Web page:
&uot;We’ve already been given congressional authority to lease it,&uot; Smith said.
Whatever features are finally included in the recreation proposal, voters would be asked to approve additional property tax millage to pay off bonds issued to fund the project.
That amount will be determined by the project’s estimated cost.
Hopefully, the issue will go on the November ballot, city officials have said.
Also, those taking part in Thursday’s meeting said that the Board of Aldermen, the Board of Supervisors, and the School Board will be asked to approve an interlocal recreation agreement in January.
Under that agreement, the city, county and school district would jointly fund and operate a recreation program for the entire county.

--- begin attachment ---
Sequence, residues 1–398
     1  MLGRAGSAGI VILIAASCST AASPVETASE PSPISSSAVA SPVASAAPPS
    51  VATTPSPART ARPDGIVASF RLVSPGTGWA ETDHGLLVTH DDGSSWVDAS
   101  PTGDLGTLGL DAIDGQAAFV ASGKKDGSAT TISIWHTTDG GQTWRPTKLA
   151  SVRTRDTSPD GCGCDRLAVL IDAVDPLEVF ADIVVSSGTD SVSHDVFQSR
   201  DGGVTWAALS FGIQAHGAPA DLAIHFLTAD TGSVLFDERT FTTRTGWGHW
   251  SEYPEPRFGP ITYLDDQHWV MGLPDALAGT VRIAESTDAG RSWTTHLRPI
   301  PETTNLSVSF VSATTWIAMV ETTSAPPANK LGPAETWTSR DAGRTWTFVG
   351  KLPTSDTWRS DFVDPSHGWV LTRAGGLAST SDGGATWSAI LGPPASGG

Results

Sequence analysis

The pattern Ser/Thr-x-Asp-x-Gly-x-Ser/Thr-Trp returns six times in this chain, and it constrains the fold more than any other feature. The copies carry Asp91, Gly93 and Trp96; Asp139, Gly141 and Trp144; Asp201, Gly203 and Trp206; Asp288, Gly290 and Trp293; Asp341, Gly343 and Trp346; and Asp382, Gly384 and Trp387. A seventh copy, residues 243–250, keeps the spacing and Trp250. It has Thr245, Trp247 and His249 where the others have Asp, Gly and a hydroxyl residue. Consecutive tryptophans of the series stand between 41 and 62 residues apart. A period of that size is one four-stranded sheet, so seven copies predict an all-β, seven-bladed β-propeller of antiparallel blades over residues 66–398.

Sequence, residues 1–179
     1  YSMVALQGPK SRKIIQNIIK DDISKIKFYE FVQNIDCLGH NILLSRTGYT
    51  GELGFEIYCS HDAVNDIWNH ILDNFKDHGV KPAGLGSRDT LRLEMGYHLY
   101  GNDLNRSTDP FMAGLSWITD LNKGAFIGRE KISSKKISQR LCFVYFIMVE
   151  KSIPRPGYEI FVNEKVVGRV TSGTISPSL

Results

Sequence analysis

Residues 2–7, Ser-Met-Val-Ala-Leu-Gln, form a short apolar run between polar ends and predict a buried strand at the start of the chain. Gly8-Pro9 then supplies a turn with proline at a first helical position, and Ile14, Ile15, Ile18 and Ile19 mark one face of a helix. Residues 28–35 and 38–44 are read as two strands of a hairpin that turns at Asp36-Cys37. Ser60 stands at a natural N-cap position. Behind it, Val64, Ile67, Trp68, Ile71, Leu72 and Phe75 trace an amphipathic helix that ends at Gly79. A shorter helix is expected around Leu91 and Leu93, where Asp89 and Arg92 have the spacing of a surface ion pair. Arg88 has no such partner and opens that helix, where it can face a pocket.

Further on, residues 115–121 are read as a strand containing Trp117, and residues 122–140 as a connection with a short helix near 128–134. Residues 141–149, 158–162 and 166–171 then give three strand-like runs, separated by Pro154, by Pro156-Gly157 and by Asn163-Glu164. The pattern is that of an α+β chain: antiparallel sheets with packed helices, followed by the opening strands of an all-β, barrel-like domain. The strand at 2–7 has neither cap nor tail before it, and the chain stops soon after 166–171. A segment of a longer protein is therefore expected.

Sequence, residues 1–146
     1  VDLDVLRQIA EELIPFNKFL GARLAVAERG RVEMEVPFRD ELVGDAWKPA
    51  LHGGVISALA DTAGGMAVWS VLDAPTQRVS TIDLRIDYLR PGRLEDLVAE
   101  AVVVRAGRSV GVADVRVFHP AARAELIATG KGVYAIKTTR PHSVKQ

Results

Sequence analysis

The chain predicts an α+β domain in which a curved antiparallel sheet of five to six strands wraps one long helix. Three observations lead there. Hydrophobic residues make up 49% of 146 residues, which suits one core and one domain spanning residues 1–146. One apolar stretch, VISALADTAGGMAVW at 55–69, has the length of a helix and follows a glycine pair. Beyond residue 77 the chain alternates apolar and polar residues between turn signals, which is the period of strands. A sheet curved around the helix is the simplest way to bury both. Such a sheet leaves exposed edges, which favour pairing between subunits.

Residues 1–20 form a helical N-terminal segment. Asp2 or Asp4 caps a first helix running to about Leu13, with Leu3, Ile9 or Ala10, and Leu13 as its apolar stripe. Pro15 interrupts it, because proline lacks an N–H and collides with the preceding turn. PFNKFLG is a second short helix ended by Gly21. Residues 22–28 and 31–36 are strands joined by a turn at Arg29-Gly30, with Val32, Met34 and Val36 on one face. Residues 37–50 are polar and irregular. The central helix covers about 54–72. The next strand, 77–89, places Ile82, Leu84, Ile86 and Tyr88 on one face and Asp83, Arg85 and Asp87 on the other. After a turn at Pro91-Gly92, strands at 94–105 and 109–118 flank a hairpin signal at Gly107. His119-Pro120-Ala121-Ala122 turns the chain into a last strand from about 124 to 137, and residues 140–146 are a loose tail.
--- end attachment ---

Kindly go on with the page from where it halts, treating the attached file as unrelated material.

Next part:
The council would hold its first meeting 30 days after each board names three representatives to serve on the council and the agreement is given final approval by the Attorney General’s Office.
About 90 days from then, the council would submit a plan spelling out the recreational facilities and programs the boards hope to develop.
Once the council has made a recreation plan and the three boards have approved it, officials will get cost estimates for the facilities and programs.
If approved by voters, construction could begin as soon as December 2002.
The recreation programs and facilities would then be run by a joint countywide recreation council with members appointed by the Board of Aldermen, the Board of Supervisors and the School Board.
&uot;Even if voters vote down (the recreation funding proposal), this agreement will still allow us to operate a permanent recreation council,&uot; Brown said.